On National Mall, Native Americans Protest Keystone XL Pipeline | WAMU 88.5 - American University Radio

WAMU 88.5 : News

Filed Under:

On National Mall, Native Americans Protest Keystone XL Pipeline

Play associated audio
Some Native American groups say sacred lands would be scarred by a proposed pipeline.
Manuel Balce Ceneta/AP
Some Native American groups say sacred lands would be scarred by a proposed pipeline.

Native Americans from across the United States are holding a peaceful protest on the National Mall this week, brought here by a pipeline debate in the Midwest.

Here in Washington the debate over the Keystone XL pipeline--which would deliver tar sand oil from Canada to the Gulf coast--has centered on whether it will create jobs or increase global warming. But the tribes that would be impacted say the debate should be about what it would mean for their sacred lands. That's why Cyril Scott, president of Rosebud Sioux Tribe of South Dakota, is joining dozens of other native leaders on the mall this week.

"We're trying to save our grandchildren, their grandchildren. This land is not ours. We have borrowed it from future generations," Scott said. "So we need to leave it just as we found it, or as close as we could."

And the tribal leaders say it's working. Dallas Goldtooth of the Lower Sioux Indian Community of Minnesota says the Obama administration's choice to delay its decision on the pipeline is due to pressure from outside groups.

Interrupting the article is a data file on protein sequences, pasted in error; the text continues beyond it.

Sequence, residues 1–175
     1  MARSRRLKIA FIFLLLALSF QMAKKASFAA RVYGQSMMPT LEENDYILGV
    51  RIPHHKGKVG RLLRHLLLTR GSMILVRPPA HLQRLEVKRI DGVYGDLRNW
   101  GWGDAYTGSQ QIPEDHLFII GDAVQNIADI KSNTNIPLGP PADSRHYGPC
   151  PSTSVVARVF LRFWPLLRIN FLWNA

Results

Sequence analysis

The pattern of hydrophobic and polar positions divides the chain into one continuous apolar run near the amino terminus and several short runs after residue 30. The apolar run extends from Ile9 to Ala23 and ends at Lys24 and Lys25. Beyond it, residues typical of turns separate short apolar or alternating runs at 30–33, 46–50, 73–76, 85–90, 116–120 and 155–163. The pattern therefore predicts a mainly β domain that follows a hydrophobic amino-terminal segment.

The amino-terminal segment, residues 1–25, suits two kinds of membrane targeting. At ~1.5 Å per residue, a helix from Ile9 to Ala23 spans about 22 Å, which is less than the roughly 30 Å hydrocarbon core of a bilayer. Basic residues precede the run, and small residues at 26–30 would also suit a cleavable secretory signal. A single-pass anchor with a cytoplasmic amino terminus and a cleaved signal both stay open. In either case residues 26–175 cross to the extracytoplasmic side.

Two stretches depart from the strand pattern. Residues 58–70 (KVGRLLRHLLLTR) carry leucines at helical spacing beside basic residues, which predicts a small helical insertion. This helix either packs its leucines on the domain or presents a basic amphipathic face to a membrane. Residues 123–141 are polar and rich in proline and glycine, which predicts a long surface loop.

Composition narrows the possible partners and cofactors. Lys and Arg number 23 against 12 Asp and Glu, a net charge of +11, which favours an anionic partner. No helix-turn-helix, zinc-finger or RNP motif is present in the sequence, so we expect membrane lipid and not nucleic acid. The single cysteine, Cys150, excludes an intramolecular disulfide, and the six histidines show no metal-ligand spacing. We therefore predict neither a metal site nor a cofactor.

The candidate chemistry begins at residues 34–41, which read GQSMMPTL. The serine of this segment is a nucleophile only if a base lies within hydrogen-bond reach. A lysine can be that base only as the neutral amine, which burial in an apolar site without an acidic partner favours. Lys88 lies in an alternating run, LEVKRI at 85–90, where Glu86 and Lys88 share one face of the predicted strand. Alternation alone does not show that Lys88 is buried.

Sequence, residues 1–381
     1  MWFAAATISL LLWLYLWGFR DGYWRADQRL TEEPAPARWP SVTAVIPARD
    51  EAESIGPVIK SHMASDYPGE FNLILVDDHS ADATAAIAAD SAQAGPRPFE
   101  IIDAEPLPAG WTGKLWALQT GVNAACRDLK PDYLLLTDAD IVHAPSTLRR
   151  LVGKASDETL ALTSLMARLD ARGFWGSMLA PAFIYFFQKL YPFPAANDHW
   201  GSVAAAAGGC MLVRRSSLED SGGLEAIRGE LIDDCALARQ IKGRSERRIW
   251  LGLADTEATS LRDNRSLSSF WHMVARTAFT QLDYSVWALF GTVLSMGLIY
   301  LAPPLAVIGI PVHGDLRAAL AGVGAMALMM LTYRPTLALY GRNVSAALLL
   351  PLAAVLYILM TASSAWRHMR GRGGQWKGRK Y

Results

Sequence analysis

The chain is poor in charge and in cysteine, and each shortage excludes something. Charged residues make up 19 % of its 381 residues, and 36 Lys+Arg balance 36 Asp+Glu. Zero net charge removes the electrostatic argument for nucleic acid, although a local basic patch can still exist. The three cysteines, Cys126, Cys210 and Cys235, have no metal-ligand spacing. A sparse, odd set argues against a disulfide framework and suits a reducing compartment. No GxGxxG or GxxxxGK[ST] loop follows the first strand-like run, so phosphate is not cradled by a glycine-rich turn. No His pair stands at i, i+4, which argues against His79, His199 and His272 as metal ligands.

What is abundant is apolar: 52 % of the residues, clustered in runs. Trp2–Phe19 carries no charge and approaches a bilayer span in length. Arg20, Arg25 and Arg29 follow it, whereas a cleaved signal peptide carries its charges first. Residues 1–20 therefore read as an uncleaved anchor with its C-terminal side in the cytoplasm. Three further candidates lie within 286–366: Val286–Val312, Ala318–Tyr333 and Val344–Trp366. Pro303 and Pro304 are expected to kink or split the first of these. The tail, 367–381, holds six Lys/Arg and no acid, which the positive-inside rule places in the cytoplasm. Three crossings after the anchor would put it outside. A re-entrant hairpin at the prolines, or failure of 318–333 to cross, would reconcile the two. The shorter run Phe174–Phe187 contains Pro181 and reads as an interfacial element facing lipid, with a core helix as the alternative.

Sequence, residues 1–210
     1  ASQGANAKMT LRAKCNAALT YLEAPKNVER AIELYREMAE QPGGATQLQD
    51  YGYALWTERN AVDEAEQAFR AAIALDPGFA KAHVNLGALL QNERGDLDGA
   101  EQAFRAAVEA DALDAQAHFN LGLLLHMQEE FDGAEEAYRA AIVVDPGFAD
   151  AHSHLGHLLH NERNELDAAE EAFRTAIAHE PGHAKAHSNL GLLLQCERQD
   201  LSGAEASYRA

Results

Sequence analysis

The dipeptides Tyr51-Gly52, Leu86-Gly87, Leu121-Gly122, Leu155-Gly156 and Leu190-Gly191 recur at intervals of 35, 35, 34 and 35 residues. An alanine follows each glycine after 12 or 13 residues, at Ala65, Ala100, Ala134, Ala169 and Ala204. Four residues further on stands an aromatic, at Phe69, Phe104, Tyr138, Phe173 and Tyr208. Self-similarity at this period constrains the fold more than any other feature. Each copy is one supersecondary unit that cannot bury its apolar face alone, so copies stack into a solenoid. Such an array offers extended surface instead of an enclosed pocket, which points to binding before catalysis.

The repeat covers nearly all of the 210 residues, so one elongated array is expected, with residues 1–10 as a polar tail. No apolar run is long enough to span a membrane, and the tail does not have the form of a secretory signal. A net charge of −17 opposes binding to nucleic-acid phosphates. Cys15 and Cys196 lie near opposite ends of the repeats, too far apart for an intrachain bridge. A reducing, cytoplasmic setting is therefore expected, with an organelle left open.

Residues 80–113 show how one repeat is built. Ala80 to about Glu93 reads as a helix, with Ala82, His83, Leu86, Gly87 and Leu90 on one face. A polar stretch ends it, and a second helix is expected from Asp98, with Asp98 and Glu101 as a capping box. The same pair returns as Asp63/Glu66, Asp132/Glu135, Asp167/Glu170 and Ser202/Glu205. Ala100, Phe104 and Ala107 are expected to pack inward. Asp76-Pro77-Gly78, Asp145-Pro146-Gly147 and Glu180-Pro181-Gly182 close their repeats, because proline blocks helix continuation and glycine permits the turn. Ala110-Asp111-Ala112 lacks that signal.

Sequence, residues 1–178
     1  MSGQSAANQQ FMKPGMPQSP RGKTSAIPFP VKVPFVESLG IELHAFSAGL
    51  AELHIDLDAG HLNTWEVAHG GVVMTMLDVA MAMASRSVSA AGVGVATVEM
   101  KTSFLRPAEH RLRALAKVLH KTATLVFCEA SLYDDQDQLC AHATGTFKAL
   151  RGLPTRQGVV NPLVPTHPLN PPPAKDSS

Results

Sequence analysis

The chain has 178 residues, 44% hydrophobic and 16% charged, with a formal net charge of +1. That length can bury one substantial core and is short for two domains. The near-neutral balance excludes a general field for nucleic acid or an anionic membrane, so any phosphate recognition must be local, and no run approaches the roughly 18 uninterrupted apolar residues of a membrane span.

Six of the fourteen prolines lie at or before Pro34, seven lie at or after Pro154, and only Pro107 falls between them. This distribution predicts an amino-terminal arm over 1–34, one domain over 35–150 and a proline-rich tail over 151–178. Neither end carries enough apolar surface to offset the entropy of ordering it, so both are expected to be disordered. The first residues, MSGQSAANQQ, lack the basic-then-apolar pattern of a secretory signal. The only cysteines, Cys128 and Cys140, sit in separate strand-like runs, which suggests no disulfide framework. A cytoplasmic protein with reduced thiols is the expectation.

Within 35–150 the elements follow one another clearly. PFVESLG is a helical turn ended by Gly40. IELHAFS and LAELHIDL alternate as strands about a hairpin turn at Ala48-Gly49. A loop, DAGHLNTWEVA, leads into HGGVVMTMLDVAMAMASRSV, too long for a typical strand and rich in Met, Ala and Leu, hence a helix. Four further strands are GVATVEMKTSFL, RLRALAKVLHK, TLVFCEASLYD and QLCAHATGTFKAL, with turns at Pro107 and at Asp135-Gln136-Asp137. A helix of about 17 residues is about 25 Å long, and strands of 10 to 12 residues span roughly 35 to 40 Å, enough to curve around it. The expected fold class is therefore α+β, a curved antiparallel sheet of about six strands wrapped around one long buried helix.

"Which is a positive for us meaning that we're actually, you know, we're making a difference here," Goldtooth said. "The fact that the Keystone XL Pipeline decision has delayed to November is another reaction to our efforts, to a lot of people's efforts, you know--the grassroots organizing to stop this beast coming through our land."

Tribal leaders also fear bringing in hundreds of non-native contractors to build the pipeline will lead to more sexual assaults in their communities.

NPR

In This Test Kitchen, The Secret To A Great Cookbook Is Try, Try Again

Yotam Ottolenghi and his partner have a thriving food empire that includes wildly successful cookbooks. We go inside their London test kitchen as recipes are put through their paces.
NPR

Bugs: Not What's For Dinner — Until They're Tastier, Maybe

A U.K. researcher says the environmental argument for eating bugs isn't working on its own. She says chefs and policymakers must "make insect dishes appeal as food, not just a way to save the planet."
NPR

Nebraska Legislators Overturn Governor's Veto Of Death Penalty Repeal

NPR's Audie Cornish speaks with Nebraska Sen. Jerry Johnson, who said he switched his vote in the decision to repeal the death penalty in Nebraska after speaking with his constituents.
NPR

Questions Remain About How To Use Data From License Plate Scanners

The scanners are standard equipment for police, but what's not settled is what happens to all the data collected. That data can link people to certain addresses and flag unusual activity.

Leave a Comment

Help keep the conversation civil. Please refer to our Terms of Use and Code of Conduct before posting your comments.